***It’s Get Irked’s 3-Year Anniversary!!!***

Summing Up The Week

Can you believe it’s been three years since I started Get Irked?! Time really does fly when you’re having fun! Three years ago on August 8, 2018, I decided to set up a website where I could give back to the investing community by sharing the strategies that have allowed me to beat the S&P 500 consistently for more than a decade.

155 Week in Review posts and 135 Investments in Play and Speculation in Play posts later, and I now have a thriving community which includes the Get Irked YouTube channel that just crossed over 100 subscribers – a key figure as I now get a custom URL.

Yes, indeed, www.youtube.com/GetIrked is now a thing!

Alright, enough back-patting. Let’s get on with the Week in Review! 🙂

Despite the Delta variant continuing to drag on the news, positive employment figures point to an economy that is, indeed, reopening. The result? The markets continued higher this week with the indexes once again setting new all-time highs.

Let’s look at the news that moved the markets this week…

Market News

Survey says: U.S. shoppers anxious about shopping

On Monday, survey results from First Insight showed U.S. shopers may start cutting back on spending due to the rise of the Delta variant and increased Covid cases, reported CNBC.

Given the importance of consumer spending on the U.S. economy, many economists fear this trend may slow the momentum many were expecting as a strong back-to-school shopping season.

“The tailwinds that retailers and restaurants have enjoyed recently may be short-lived,” said S&P Global Ratings Analyst Sarah Wyeth in a report to clients. “Labor shortages and supply-chain bottlenecks could dampen near-term performance or, worse, persist into the critical holiday shopping season.”

Consumer prices rise 5.4%, core inflation less than expected

On Wednesday, the Labor Department reported the Consumer Price Index (CPI) rose 5.4% in July year-over-year, in line with expectations (although the largest jump since August 2008), reported CNBC.

The CPI measures how prices rise in the main expenses facing American consumers, and a rise of 5.4% is not messing around, despite economists claiming the figure is in-line with expectations.

Chariman Jerome Powell of the Fed continues to claim inflation is transitory, “Inflation is running well above our 2% objective and has been for a few months, and is expected to run certainly above our objective for a few months before we believe it’ll move back down toward our objective,” he said. “The question of whether we’ve met that objective, formally, is really one for the committee to make.”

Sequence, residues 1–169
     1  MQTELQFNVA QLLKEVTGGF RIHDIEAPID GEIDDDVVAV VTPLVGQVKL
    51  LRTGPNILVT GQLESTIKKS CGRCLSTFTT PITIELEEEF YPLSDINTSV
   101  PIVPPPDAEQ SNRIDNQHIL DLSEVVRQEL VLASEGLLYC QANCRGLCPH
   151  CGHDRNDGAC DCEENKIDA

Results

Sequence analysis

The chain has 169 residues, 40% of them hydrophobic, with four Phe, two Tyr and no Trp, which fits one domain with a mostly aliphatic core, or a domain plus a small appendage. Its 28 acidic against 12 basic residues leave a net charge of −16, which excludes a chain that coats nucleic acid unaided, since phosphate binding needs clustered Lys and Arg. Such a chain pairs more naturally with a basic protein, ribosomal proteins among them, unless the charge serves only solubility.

U.S. initial jobless claims fall to 375,000

On Thursday, the U.S. Labor Department reported new claims for jobless benefits totaled 375,00 last week, matching estimates and representing a decrease of 12,000, reported CNBC. The number of continuing jobless claims fell to 2.866 million for the last week of July, its lowest level since mid-March 2020.

Hopefully, jobless claims and unemployment rates will continue to drop as extended benefits fall off and Americans return to work, signifying a reopening of the economy which has been hampered by the Delta variant of Covid-19 in recent weeks.

Consumer sentiment falls to pandemic low, lowest since 2011

On Friday, the University of Michigan’s Consumer Sentiment Index dropped to 70.2 in its first August reading, the lowest level since 2011, reported CNBC.

According to experts, a drop of this magnitude is incredibly rare. “Over the past half-century, the Sentiment Index has only recorded larger losses in six other surveys, all connected to sudden negative changes in the economy,” explained Richard Curtin, Chief Economist for Michigan’s Survey of Consumers, in a release. “Two of those larger month-over-month movers were April 2020 amid the pandemic and October 2008, during the financial crisis.”

The CSI indicates how confident consumers are in the economy and, thanks to the rise of the Delta variant, this recent survey shows their confidence has been shaken. “Consumers have correctly reasoned that the economy’s performance will be dimished over the next several months, but the extraordinary surge in negative economic assessments also reflects an emotional response, mainly from dashed hopes that the pandemic would end soon,” Curtin said. “In the months ahead, it is likely that consumers will again voice more reasonable expectations, and with control of the Delta variant, shift toward outright optimism.”

Next Week’s Gameplan

The market’s relentless climb higher seems inexhaustible thanks to the easy-money policies by the Fed. That being said, it’s important to remember that the S&P 500 doesn’t show everything going on under the surface.

While investors pile into the FANG stocks (Facebook, Amazon, Netflix, Google, Apple, and Microsoft), much of the S&P 500 is rotating. For example, commodities including precious metals like gold and silver are deep in a bear market for the moment.

So, the gameplan remains the same as it has been over the past several weeks and months – keep an eye out for opportunities to add to positions and watch closely for opportunities to take profits in positions that have become oversold.

As always, thank you for reading and for all your support over these past three years! I’ll see you here once more next week! 🙂

This Week in Play

Stay tuned for this week’s episodes of my two portfolios Investments in Play and Speculation in Play coming online later this weekend! 

Crytpo Corner

Important Disclaimer

Get Irked contributors are not professional advisers. Discussions of positions should not be taken as recommendations to buy or sell. All investments carry risk and all readers must accept their own risks. Get Irked recommends anyone interested in investing or trading any asset class consult with a professional investment adviser to determine if an investment idea is suitable to them and their investment goals.

Bitcoin's Road to Nowhere - Get Irked

Click chart for enlarged version

Bitcoin Price (in USD)


Weekly Change

Bitcoin Price Action

Confounding the bears…